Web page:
Toshiba Unveils 4K Retail End Cap, Blu-Ray PlayerCE Week New York – Toshiba will roll out a special retail end cap as part of its 4K Ultra High-Definition TV promotional efforts later this summer. 6/27/2013 05:14:00 AM Eastern
CE Week New York – Toshiba will roll out a special retail end cap as part of its 4K Ultra High-Definition TV promotional efforts later this summer.
Scott Ramirez, Toshiba’s product marketing and development VP, digital products division, said the end cap will be offered to retailers that have a sales person who can help explain the new technology to customers.
The end cap will feature a Toshiba L9300-series 4K TV plus a new Blu-ray player with 4K up-scaling and the new SBX 5065 soundbar, Ramirez said.
Consumers need 4K explained to them and a demo that will show them what the technology can deliver. The end cap will include seven built-in 4K demos that will run off the connected BDX-6400 Blu-ray player.
The BDX-6400 Blu-ray drive, shipping in August at $299, features Toshiba’s UDE 4K up-scaling engine and a two-stage picture quality-enhancement system. It is 4K Technicolor certified.
The first stage turns content into what Ramirez called “superior 1,080p” or the best possible image that can be obtained from the source signal. The second stage up-scales the signal to 4K. However, since Toshiba 4K TVs already come with built-in 4K up-scaling technology, the second stage will only kick in when the BDX-6400 is connected to another brand of 4K TV, Ramirez said. The player is set to use the Toshiba up-scaling technology regardless if the television has similar capabilities. However, if the user wishes, the Toshiba up-scaling can be turned off by going into the devices settings.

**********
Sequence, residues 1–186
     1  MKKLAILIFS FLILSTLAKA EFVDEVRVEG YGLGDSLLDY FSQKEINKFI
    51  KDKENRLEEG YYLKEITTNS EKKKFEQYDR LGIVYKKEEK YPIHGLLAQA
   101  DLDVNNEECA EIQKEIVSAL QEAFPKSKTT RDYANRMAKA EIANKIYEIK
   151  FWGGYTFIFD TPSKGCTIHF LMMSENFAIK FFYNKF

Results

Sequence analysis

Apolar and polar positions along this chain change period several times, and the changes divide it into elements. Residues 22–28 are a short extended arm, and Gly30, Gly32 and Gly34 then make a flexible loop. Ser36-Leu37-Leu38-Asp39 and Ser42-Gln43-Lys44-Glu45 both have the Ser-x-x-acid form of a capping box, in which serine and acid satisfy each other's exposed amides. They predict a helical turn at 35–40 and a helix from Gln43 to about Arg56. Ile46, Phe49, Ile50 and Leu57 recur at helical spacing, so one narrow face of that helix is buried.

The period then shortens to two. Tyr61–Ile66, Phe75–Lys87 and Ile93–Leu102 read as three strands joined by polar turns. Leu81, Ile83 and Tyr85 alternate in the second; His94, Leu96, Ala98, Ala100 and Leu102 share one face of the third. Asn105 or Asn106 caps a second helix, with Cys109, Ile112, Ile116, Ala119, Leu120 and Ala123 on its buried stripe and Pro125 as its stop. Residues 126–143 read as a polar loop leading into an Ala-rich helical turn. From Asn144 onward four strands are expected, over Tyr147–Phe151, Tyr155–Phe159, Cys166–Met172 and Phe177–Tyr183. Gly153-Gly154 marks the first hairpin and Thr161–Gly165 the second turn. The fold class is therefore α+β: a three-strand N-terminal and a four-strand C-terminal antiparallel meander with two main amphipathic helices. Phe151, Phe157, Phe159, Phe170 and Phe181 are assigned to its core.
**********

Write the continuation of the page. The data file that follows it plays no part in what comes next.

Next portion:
Ramirez said including the up-scaling capability in the TVs and Blu-ray player is essential due to the initial dearth of 4K content that is available.
No additional information was given on the soundbar.
Toshiba’s retail plans include creating and making available a training app for sales associates, and the program will be supported by a wide-ranging media campaign, Ramirez said.